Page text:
WATERVILLE — Be confident, be thankful and never give up.

That was the message Jason Briggs imparted Thursday night to 126 seniors about to graduate from Waterville Senior High School.

About 1,000 people turned out for the school’s 135th commencement exercises, held at Colby College’s Wadsworth Gymnasium.

Briggs, a former Waterville High health teacher and coach and current junior high wellness teacher, told a story about a man who entered the military in 2009, the same year the class of 2013 entered their freshman year at Waterville High.

As they studied and enjoyed school, the man was severely wounded in a foreign country and brought home to a U.S. hospital, Briggs said.

During his three-year recovery, he maintained a positive attitude and never gave up. Outside his hospital door was an orange poster for visitors to read, saying if they came to be sad or feel sorry for him, they had come to the wrong  place — that fun, optimism and intense rapid rebirth reigned inside the room.


“If you’re not prepared for that, go elsewhere,” Briggs said.

Seniors and faculty members stood to applaud Briggs, who was introduced by, and received a gift from, 2013 class president Sarah Ringer.

High School Principal Don Reiter also addressed seniors, telling them a story about his grandfather, who bought an old farmhouse on top of a hill six months before Reiter was born.

His grandfather worked 10 years fixing up the home, where he retired, and then planted dozens of trees to create a bird sanctuary. Twenty years later, he had just that — trees and bushes that attracted dozens of varieties of birds every spring.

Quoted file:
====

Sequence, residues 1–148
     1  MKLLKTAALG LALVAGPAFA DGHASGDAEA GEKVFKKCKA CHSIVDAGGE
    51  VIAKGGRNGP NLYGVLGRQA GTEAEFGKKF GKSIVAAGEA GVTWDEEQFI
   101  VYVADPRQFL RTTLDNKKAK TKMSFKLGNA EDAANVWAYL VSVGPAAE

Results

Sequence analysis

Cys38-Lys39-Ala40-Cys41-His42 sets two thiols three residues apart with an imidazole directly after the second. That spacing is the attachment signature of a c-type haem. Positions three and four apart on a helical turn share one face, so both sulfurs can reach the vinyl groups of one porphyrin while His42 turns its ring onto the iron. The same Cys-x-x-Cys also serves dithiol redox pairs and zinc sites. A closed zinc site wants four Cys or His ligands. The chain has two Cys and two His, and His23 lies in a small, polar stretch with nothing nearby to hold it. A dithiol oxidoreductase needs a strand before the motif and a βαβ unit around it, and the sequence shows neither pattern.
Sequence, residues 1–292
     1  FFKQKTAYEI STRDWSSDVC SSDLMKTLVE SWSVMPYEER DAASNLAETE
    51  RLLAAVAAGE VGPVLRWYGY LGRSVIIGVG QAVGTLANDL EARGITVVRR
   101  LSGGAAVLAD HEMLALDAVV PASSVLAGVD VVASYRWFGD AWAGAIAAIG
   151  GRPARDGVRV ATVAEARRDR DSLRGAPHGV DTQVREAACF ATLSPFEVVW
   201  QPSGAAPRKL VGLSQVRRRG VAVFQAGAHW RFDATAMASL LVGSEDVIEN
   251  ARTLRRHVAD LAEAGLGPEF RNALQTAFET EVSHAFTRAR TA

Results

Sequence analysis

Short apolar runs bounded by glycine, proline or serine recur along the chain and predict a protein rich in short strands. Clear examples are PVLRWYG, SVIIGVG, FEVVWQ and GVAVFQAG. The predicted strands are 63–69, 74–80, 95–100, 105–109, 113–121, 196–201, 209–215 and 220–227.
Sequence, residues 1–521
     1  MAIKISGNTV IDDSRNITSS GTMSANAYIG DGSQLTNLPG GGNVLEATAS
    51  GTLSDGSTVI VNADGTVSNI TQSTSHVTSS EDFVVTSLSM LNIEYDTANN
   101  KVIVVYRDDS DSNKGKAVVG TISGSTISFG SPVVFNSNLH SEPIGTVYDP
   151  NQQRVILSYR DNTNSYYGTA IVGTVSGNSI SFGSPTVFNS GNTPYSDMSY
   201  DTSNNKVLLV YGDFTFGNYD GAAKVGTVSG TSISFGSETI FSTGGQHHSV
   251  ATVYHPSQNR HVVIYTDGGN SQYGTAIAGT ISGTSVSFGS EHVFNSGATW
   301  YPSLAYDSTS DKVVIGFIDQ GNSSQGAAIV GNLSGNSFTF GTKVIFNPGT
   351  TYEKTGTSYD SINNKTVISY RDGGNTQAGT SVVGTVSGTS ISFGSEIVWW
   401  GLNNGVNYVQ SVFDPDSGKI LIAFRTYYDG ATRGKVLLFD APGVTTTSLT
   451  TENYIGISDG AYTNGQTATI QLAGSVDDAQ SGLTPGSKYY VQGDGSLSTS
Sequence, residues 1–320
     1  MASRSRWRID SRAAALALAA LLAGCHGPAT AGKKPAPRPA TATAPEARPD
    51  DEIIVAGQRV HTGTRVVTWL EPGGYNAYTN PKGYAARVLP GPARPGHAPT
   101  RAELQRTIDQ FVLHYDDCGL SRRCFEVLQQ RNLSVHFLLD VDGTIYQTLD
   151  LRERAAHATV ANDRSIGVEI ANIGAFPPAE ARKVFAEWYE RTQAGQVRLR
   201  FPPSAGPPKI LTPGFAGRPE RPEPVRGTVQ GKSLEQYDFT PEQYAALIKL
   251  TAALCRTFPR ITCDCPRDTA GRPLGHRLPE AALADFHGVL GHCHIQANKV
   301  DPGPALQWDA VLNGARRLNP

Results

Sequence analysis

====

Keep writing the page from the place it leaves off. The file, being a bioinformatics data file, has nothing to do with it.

Reiter said his grandfather set a goal and spent many years persistently working to meet it.

“Persistence is defined as continuing steadfastly in a course of action in the face of difficulty,” Reiter said, “and a new field of research is showing that persistence is a better indicator of success than many traditionally valued characteristics, including intelligence.”


Reiter told seniors they had demonstrated persistence over their high school careers and their persistence was being rewarded Thursday with a diploma.

“Continue to persist and you will continue to be rewarded — with good grades and degrees in college, with paychecks and promotions in the workplace and with dedicated and caring family and friends at home.”

As seniors were preparing to march into the gymnasium, Bridgette Hill, 17, floated down a hallway in her white cap and gown, beaming.

She said she will head to U.S. Marine boot camp at Parris Island, S.C., after graduation.

“I will be in South Carolina 13 weeks,” she said. “I’m signing up for four years but if I like it, I’ll be in for a career, which is 20 years.”

She plans to study aviation mechanics while in the Marines, she said.


“They pay 100 percent of the tuition.”

The daughter of Jodie and Michael Hill, she said she met a lot of incredible people while at Waterville High, including Joe Haney, who taught Jobs for Maine Graduates. Haney was a great motivator who taught her important skills such as how to write a résumé and how to complete applications, she said. He also was very encouraging.

“I don’t think I will ever meet someone as amazing as he is,” Hill said.

Nate Rector, 18, of Waterville, was chatting with fellow seniors before heading into the crowded gymnasium.

He said he plans to attend Bridgton Academy, a college preparatory school in North Bridgton, and consider options for college while he is enrolled there.

“It’s basically a fifth year of high school, which also is for athletics,” he said.

 A soccer and lacrosse player, Rector is the son of Tim and Mary Rector. He cited Ian Wilson, an English teacher and track coach, as one of the most influential teachers he had while at Waterville High.

Amy Calder — 861-9247
[email protected]

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